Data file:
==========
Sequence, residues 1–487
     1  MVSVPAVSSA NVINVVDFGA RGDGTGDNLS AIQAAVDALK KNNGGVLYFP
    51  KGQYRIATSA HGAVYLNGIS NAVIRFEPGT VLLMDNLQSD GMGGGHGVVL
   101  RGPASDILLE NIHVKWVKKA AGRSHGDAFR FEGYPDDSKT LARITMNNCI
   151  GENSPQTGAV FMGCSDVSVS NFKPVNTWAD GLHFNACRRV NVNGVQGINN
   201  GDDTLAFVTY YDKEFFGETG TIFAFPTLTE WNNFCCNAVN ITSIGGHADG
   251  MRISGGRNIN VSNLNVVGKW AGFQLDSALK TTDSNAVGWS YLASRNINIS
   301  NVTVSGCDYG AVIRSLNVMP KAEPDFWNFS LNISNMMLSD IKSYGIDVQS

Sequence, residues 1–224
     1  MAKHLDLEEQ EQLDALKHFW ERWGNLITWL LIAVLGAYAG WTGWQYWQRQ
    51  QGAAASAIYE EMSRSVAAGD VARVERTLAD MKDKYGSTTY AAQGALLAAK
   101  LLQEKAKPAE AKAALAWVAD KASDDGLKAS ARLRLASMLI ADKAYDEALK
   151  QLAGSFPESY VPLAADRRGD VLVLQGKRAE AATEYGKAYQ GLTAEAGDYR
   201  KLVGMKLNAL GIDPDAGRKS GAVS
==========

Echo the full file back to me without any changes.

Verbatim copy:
Sequence, residues 1–487
     1  MVSVPAVSSA NVINVVDFGA RGDGTGDNLS AIQAAVDALK KNNGGVLYFP
    51  KGQYRIATSA HGAVYLNGIS NAVIRFEPGT VLLMDNLQSD GMGGGHGVVL
   101  RGPASDILLE NIHVKWVKKA AGRSHGDAFR FEGYPDDSKT LARITMNNCI
   151  GENSPQTGAV FMGCSDVSVS NFKPVNTWAD GLHFNACRRV NVNGVQGINN
   201  GDDTLAFVTY YDKEFFGETG TIFAFPTLTE WNNFCCNAVN ITSIGGHADG
   251  MRISGGRNIN VSNLNVVGKW AGFQLDSALK TTDSNAVGWS YLASRNINIS
   301  NVTVSGCDYG AVIRSLNVMP KAEPDFWNFS LNISNMMLSD IKSYGIDVQS

Sequence, residues 1–224
     1  MAKHLDLEEQ EQLDALKHFW ERWGNLITWL LIAVLGAYAG WTGWQYWQRQ
    51  QGAAASAIYE EMSRSVAAGD VARVERTLAD MKDKYGSTTY AAQGALLAAK
   101  LLQEKAKPAE AKAALAWVAD KASDDGLKAS ARLRLASMLI ADKAYDEALK
   151  QLAGSFPESY VPLAADRRGD VLVLQGKRAE AATEYGKAYQ GLTAEAGDYR
   201  KLVGMKLNAL GIDPDAGRKS GAVS